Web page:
What other disorders might occur along with anorexia nervous? Depression, bipolar, COD, self mutilation, anxiety, substance abuse- CANS stimulants, alcohol 4. How does bulimia nervous differ from anorexia nervous? Alumina: excessive, insatiable appetite, Bulimia nervous is an episodic, uncontrolled, compulsive, rapid ingestion of large quantities of food over a short period of time tinning), followed by inappropriate compensatory behaviors to rid the body of the excess calories. Anorexia: prolonged loss of appetite, Anorexia nervous is Characterized by a morbid fear of obesity.

Symptoms include gross distortion of body mage, preoccupation with food, and refusal to eat. 5. Name behaviors that J. M. Or any other patient with anorexia may engage in other than self-starvation. Hiding food, self induce vomiting, use of laxatives or diuretics, question #2, purging 6. What common family dynamics are associated with anorexia nervous? In the theory of the family as a system, psychosomatic symptoms, including anorexia nervous, are reinforced in an effort to avoid spousal conflict. Parents deny marital conflict by defining sick child as family problem.

Unhealthy family environment: members strive at all cost to maintain appearance. Control. Passive father, domineering mother, overly dependent child, perfectionism- child feels that she must attics standards. He child eventually begins to feel helpless and ambivalent toward the parents. In adolescence, these distorted eating patterns may represent a rebellion against the parents, viewed by the child as a means of gaining and remaining in control. The symptoms are often triggered by a stress that the adolescent perceives as a loss of control in some aspect of his or her life. O review her admission laboratory studies. An EGG has also been ordered. Admission Lab Work Sodium 135 meg/L Potassium 3. 4 meg/L Chloride 99 meg/L JNI 18 MGM/del Creating 1. MGM/del Hemoglobin 11 g/del 7. Which lab results might be of concern at this time? Explain your answers. Hypoglycemia is a problem. Depression, low blood pressure, dysphasia, weakness, and fatigue. She is at risk for falls, depression, over feed reaction, delirium, and if it goes too low, cardiac arrest. Hemoglobin is low, so anemia is an issue 8.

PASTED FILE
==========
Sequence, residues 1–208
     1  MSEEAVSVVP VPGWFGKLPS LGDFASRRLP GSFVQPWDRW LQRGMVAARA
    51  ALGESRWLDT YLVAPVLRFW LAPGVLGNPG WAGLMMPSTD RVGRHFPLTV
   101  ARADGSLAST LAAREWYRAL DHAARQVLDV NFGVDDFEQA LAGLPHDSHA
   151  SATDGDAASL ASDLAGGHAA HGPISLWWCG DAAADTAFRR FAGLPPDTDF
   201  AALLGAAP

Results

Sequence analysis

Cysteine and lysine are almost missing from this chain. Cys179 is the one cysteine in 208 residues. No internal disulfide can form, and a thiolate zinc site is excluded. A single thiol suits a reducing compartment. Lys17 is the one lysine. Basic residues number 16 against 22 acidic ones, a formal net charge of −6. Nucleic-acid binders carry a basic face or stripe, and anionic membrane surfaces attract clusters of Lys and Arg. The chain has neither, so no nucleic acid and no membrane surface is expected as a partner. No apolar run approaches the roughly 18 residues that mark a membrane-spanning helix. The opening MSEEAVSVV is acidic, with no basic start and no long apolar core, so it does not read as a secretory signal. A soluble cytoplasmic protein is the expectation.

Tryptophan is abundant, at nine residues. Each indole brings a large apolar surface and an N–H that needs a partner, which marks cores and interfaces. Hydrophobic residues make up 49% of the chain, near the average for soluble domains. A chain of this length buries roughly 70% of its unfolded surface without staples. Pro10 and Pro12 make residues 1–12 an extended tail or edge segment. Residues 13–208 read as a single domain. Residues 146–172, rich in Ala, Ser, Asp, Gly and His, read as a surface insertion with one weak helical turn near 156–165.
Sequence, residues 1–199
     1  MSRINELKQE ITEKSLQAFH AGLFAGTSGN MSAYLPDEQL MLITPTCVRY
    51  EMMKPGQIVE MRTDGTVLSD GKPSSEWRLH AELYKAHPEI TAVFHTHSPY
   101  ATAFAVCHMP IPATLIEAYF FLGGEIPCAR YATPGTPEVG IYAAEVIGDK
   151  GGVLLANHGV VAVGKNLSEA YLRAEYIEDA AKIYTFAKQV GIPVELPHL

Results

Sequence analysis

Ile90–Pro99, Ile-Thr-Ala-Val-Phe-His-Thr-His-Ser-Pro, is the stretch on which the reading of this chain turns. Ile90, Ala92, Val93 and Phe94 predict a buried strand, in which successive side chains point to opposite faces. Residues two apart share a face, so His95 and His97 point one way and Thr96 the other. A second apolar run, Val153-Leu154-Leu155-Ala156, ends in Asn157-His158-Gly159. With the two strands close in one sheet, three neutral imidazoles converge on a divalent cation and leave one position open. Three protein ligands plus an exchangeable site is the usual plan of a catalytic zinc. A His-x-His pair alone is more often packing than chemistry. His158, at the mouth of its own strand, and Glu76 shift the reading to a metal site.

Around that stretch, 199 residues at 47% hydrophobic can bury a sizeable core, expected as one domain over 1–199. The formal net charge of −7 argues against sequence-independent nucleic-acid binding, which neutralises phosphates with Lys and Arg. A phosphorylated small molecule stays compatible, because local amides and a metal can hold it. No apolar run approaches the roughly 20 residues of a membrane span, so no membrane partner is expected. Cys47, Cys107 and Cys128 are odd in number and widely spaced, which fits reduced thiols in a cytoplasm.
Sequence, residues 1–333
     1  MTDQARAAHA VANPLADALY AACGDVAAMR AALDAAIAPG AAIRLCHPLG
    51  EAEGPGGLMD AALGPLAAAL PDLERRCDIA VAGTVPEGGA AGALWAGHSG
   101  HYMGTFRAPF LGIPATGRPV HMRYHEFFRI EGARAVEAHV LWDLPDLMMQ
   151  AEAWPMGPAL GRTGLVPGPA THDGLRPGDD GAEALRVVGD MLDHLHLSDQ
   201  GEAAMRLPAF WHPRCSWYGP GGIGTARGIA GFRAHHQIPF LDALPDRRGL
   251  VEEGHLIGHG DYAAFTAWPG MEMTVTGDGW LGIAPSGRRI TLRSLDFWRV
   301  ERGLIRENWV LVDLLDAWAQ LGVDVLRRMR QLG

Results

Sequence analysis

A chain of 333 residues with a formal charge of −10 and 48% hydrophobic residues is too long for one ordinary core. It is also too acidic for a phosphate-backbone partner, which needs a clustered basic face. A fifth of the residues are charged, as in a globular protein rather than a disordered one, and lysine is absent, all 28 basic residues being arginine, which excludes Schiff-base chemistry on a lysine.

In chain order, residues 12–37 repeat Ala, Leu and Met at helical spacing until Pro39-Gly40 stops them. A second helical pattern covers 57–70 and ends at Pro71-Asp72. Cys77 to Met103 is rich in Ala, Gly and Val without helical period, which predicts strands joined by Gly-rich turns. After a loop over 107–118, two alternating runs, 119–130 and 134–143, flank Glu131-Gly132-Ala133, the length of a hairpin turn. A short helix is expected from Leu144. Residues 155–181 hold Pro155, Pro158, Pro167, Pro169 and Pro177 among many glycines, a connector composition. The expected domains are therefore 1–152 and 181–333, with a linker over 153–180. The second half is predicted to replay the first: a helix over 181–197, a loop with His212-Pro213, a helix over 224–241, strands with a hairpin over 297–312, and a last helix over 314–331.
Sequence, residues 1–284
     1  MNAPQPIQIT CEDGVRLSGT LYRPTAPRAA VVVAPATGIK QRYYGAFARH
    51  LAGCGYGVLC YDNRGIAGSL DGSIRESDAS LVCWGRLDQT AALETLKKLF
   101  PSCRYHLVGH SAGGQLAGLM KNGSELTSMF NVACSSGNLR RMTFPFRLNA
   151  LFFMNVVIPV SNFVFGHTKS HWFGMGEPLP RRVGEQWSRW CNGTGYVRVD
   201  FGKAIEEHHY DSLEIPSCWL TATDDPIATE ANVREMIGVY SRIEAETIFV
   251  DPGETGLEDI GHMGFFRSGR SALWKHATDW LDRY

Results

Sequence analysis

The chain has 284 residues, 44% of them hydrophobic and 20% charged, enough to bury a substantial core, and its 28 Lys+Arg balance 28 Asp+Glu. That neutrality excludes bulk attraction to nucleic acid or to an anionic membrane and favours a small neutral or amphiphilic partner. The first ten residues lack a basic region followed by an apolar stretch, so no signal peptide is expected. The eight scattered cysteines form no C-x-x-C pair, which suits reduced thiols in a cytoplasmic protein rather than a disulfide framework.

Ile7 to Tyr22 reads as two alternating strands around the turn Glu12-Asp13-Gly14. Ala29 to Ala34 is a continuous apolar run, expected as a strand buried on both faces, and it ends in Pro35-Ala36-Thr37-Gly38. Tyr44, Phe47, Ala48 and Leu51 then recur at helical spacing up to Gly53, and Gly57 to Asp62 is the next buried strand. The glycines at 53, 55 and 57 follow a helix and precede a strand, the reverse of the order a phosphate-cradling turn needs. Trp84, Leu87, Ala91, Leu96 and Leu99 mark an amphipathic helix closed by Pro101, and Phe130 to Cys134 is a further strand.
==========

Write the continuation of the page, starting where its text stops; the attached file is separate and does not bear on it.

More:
Distorted body image Self-evaluation based largely or entirely in terms of weight and appearance Pre- occupation or obsessive thoughts about food and weight Refusal to accept that one’s weight is dangerously low despite warnings from family, rinds and/or health professionals Low self esteem Mood swings Clinical depression Industrial from interpersonal relationships in favor of social isolation Disturbed personality image Spiritual distress Defensive coping Disturbed thought process Ineffective denial Social Isolation Impaired social interactions Disabled family coping 10.